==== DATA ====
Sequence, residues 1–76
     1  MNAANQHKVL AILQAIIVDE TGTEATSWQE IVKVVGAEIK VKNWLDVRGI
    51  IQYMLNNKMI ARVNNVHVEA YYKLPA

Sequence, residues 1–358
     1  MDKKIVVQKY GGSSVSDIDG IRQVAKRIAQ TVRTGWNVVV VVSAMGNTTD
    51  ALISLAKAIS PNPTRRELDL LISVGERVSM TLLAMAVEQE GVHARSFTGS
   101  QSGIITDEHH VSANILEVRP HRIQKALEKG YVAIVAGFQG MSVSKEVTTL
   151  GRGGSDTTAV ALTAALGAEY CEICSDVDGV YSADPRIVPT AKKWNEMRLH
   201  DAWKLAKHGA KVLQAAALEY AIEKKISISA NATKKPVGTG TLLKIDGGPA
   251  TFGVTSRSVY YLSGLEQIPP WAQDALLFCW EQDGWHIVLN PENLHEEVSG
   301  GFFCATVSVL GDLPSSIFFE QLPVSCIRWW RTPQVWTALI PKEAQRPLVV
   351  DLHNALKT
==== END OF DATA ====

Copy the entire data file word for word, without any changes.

Sequence, residues 1–76
     1  MNAANQHKVL AILQAIIVDE TGTEATSWQE IVKVVGAEIK VKNWLDVRGI
    51  IQYMLNNKMI ARVNNVHVEA YYKLPA

Sequence, residues 1–358
     1  MDKKIVVQKY GGSSVSDIDG IRQVAKRIAQ TVRTGWNVVV VVSAMGNTTD
    51  ALISLAKAIS PNPTRRELDL LISVGERVSM TLLAMAVEQE GVHARSFTGS
   101  QSGIITDEHH VSANILEVRP HRIQKALEKG YVAIVAGFQG MSVSKEVTTL
   151  GRGGSDTTAV ALTAALGAEY CEICSDVDGV YSADPRIVPT AKKWNEMRLH
   201  DAWKLAKHGA KVLQAAALEY AIEKKISISA NATKKPVGTG TLLKIDGGPA
   251  TFGVTSRSVY YLSGLEQIPP WAQDALLFCW EQDGWHIVLN PENLHEEVSG
   301  GFFCATVSVL GDLPSSIFFE QLPVSCIRWW RTPQVWTALI PKEAQRPLVV
   351  DLHNALKT